Maybe check in /etc/letsencrypt/cli.ini to see if there’s anything there that might be forcing the apache authenticator to be used?

If not, I’d recommend trying @mnordhoff’s suggestion, even if it doesn’t seem like it should be relevant, as it might still cause the virtualhost check to look for port 8080 instead of port 80.

Or if there is some bug in the apache installer, you could take it out of the picture and use a deploy hook to reload apache after renewal instead, for example: certbot renew --dry-run --cert-name --installer none --deploy-hook "service apache2 reload" (and again without --dry-run if it works).

1 Like

Passing it --installer none didn’t change the outcome.

Using --http-01-port 8080 didn’t complain about the port, but for whatever reason never created the challenge file in /.well-known/ like it should have, so it returned a 404 response instead.

I could create my own task scheduler that looks at expiry times and just issues a new certificate if it’s up for renewal, that’s not the best approach, but would work around this strange behavior since I can still issue new certs just fine.


Since you don’t mention it, did you check /etc/letsencrypt/cli.ini? That’s the only thing I can think of that would cause renewals to break in this way, while still allowing “new” issuance to work (e.g. if you explicitly specified -a webroot on the command line).


Sorry, missed the cli.ini question.

it’s a very bare file, nothing there indicating anything.

# Because we are using logrotate for greater flexibility, disable the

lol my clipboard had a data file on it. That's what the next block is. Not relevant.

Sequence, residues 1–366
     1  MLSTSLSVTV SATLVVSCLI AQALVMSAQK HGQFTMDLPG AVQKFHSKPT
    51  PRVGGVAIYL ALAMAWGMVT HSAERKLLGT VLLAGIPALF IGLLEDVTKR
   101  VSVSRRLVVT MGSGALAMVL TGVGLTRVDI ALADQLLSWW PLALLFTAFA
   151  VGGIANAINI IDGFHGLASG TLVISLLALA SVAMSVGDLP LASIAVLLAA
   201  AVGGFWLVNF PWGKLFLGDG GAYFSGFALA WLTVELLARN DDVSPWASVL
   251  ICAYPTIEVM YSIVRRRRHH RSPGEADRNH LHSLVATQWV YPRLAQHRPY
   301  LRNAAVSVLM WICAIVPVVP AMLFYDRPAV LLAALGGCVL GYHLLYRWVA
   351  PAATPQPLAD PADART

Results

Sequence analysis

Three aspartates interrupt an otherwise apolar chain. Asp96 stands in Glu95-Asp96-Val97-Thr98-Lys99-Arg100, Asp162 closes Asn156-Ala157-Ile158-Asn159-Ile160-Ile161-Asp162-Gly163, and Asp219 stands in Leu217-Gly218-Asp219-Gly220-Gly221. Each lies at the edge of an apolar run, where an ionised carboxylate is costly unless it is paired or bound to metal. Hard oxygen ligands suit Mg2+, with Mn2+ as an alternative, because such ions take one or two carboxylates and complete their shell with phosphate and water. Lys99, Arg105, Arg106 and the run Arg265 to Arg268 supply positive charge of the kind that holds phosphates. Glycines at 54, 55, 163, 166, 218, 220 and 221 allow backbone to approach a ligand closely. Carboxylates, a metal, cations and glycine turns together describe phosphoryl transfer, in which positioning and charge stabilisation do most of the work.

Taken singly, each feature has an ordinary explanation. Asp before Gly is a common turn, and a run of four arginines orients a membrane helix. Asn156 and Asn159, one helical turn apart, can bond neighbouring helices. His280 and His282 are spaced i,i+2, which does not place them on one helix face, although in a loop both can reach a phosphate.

# internal certbot logrotation.
max-log-backups = 0

I can do certbot renew -a webroot --webroot-path /home/clorith/public_html and it will renew the certificate, but that obviously requires me to pass in the webroot path as well, which isn’t what certbot renew does by it self.


Hmmmm. That really sounds like some default setting forcing the apache authenticator to be used, that is overridden when you specify -a webroot explicitly from the command line. But cli.ini is the only thing I know of that could do that.

There may be another one in $HOME/.config/letsencrypt/cli.ini (or /root/.config/letsencrypt/cli.ini) so it might be worth checking there too?


Never did see this output:


Hi, apologies for the delay here, flu season ahs been exceptionally rough.

The certbot certificates output is as follows:

- - - - - - - - - - - - - - - - - - - - - - - - - - - - - - - - - - - - - - - -
Found the following certs:
  Certificate Name:
    Expiry Date: 2019-04-26 21:42:59+00:00 (VALID: 72 days)
    Certificate Path: /etc/letsencrypt/live/
    Private Key Path: /etc/letsencrypt/live/
  Certificate Name:
    Expiry Date: 2019-04-27 18:19:55+00:00 (VALID: 73 days)
    Certificate Path: /etc/letsencrypt/live/
    Private Key Path: /etc/letsencrypt/live/
- - - - - - - - - - - - - - - - - - - - - - - - - - - - - - - - - - - - - - - -

They are both my sites hosted on the same box (I’ve had to do the registration, not renewal, on both of them).

There’s also no cli.ini in any of the config directories, so nothing overriding things there.


I think the problem may be with the expected outcome of using –http-01-port


  --http-01-port HTTP01_PORT
                        Port used in the http-01 challenge. This only affects
                        the port Certbot listens on. A conforming ACME server
                        will still attempt to connect on port 80. (default:

Certbot can’t listen on 8080 as Apache is already listening on 8080.
And all LE requests will still go to FQDN:80


I’m not trying to run certbot in standalone mode though, I am just trying to have it renew via http auth, the same way they were first registered. The webserver is listening on port 80 (via varnish, which is properly redirecting the requests, or else new cert registrations would also fail).

The problem at the root of all of this is I’m somehow being required to run port 80 on apache for it to renew over http.

I’m going to try re-installing certbot, as something is definitely acting weird, will update once that’s done and tested :+1:


I don’t think this will change much…